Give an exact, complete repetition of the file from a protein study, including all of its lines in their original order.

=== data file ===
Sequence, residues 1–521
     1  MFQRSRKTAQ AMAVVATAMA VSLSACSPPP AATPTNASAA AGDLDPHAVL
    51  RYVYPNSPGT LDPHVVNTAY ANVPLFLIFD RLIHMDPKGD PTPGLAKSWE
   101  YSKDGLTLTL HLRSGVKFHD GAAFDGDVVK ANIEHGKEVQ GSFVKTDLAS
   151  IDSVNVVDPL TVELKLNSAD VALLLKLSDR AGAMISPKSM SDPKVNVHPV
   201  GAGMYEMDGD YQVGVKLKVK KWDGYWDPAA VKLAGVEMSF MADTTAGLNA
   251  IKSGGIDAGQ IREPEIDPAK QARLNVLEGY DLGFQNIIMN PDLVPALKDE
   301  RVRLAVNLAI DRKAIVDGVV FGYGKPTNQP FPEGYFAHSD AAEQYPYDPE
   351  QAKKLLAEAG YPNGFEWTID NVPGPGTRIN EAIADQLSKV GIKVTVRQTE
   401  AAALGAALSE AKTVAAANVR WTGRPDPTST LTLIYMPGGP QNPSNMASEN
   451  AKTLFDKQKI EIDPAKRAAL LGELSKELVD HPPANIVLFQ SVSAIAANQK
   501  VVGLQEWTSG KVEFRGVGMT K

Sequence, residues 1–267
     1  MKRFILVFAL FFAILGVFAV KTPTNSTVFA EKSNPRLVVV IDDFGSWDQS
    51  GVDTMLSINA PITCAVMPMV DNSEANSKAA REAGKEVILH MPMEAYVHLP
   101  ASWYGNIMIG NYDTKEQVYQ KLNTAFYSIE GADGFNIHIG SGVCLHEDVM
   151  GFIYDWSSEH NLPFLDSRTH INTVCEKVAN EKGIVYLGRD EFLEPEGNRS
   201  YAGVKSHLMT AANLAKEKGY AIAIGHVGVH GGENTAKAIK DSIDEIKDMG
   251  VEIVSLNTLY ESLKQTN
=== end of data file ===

Sequence, residues 1–521
     1  MFQRSRKTAQ AMAVVATAMA VSLSACSPPP AATPTNASAA AGDLDPHAVL
    51  RYVYPNSPGT LDPHVVNTAY ANVPLFLIFD RLIHMDPKGD PTPGLAKSWE
   101  YSKDGLTLTL HLRSGVKFHD GAAFDGDVVK ANIEHGKEVQ GSFVKTDLAS
   151  IDSVNVVDPL TVELKLNSAD VALLLKLSDR AGAMISPKSM SDPKVNVHPV
   201  GAGMYEMDGD YQVGVKLKVK KWDGYWDPAA VKLAGVEMSF MADTTAGLNA
   251  IKSGGIDAGQ IREPEIDPAK QARLNVLEGY DLGFQNIIMN PDLVPALKDE
   301  RVRLAVNLAI DRKAIVDGVV FGYGKPTNQP FPEGYFAHSD AAEQYPYDPE
   351  QAKKLLAEAG YPNGFEWTID NVPGPGTRIN EAIADQLSKV GIKVTVRQTE
   401  AAALGAALSE AKTVAAANVR WTGRPDPTST LTLIYMPGGP QNPSNMASEN
   451  AKTLFDKQKI EIDPAKRAAL LGELSKELVD HPPANIVLFQ SVSAIAANQK
   501  VVGLQEWTSG KVEFRGVGMT K

Sequence, residues 1–267
     1  MKRFILVFAL FFAILGVFAV KTPTNSTVFA EKSNPRLVVV IDDFGSWDQS
    51  GVDTMLSINA PITCAVMPMV DNSEANSKAA REAGKEVILH MPMEAYVHLP
   101  ASWYGNIMIG NYDTKEQVYQ KLNTAFYSIE GADGFNIHIG SGVCLHEDVM
   151  GFIYDWSSEH NLPFLDSRTH INTVCEKVAN EKGIVYLGRD EFLEPEGNRS
   201  YAGVKSHLMT AANLAKEKGY AIAIGHVGVH GGENTAKAIK DSIDEIKDMG
   251  VEIVSLNTLY ESLKQTN